Sand Pond Conservation Area is located in southeastern Ripley County, 4.5 miles south of Naylor on Route W. The area contains 302 acres. The Nature Conservancy owns an additional 500 acres in Missouri and 160 acres in Arkansas that are adjacent to the area.
Sand Pond Conservation Area was purchased primarily to protect the unique dune-swale ecosystem found here, but the area also offers good opportunities for hunting, hiking, wildlife viewing, and other recreational opportunities. The sandy soils that characterize the area were deposited here by the waters of melting glaciers during the Late Wisconsin Stage. Then, about 18,000 to 22,000 years ago, winds swept the land and formed these sands into dunes and swales, or ponds. The ponds and their banks support many rare and endangered species, including corkwood, the western mud snake and a federally endangered shrub called pondberry.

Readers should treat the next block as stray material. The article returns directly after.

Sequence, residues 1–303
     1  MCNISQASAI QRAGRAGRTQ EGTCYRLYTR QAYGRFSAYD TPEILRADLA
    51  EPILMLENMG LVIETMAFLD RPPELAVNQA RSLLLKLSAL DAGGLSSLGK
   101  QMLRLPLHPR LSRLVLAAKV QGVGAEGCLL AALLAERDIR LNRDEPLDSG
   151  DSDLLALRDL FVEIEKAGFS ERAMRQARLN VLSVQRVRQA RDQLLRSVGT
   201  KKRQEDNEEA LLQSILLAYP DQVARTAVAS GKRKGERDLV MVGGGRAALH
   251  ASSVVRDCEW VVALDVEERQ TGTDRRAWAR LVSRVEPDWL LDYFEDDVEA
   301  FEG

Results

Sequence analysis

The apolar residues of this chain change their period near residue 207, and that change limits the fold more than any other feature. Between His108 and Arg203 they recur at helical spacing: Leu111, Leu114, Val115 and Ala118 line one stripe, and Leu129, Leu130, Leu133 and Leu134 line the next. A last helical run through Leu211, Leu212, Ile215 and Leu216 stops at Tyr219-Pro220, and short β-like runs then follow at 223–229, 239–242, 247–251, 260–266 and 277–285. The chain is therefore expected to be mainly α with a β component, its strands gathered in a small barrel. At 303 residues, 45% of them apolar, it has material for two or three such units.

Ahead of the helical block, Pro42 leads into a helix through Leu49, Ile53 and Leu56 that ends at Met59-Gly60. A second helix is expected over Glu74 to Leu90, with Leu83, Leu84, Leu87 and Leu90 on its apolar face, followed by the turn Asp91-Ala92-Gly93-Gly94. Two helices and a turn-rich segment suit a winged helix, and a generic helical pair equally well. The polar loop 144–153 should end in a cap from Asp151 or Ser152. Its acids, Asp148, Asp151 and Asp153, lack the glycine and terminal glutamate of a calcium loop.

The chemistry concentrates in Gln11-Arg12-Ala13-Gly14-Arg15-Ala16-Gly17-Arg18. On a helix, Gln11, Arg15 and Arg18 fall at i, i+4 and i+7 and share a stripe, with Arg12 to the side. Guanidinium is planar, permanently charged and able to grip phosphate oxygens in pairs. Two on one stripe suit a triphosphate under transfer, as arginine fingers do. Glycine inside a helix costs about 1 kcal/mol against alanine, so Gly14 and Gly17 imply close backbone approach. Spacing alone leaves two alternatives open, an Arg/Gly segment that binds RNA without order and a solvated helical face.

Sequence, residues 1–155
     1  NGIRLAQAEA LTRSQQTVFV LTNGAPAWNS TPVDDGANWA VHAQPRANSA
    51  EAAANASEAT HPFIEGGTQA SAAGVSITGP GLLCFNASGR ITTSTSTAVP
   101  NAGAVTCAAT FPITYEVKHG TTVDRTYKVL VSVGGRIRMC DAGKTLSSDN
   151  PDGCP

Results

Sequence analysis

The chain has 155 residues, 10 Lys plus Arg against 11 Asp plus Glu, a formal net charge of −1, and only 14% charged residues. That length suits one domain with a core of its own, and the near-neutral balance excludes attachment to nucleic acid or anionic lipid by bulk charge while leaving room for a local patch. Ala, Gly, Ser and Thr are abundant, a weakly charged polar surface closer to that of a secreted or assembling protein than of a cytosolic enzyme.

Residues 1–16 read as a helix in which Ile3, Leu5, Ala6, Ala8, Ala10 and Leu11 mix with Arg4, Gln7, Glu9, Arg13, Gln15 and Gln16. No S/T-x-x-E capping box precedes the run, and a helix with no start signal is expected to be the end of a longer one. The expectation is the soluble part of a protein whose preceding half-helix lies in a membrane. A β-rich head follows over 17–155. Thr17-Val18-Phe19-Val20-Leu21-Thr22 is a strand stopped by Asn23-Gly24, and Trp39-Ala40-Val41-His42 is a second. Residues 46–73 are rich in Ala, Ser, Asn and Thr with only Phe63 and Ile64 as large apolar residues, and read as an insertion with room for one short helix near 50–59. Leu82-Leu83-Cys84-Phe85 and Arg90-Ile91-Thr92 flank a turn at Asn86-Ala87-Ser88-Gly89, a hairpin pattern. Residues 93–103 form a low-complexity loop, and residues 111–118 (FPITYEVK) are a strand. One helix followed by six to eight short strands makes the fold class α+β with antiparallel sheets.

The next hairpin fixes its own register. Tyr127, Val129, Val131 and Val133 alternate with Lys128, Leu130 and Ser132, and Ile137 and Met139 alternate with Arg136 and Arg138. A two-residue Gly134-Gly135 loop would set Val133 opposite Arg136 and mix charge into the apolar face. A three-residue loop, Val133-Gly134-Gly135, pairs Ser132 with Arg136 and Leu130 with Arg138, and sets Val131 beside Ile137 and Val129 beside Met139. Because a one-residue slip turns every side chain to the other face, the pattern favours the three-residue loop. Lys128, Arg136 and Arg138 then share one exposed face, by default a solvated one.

Native Americans occupied the dunes between 5,000 B.C. and 1350 A.D. In the early 1900s, European settlers cleared the dunes for farming.
We have planted trees in these fields to help restore the dunes to their natural condition. Over time, the dunes will begin to support more of the diverse assemblage of native plants and animals that they once did.
A 68-acre portion of Sand Pond Conservation Area and the TNC Sand Ponds Preserve is designated as a Missouri Natural Area. Natural Areas are biological communities or geologic sites that are protected and managed to perpetuate the natural character, diversity, and ecological processes of Missouri's native landscapes.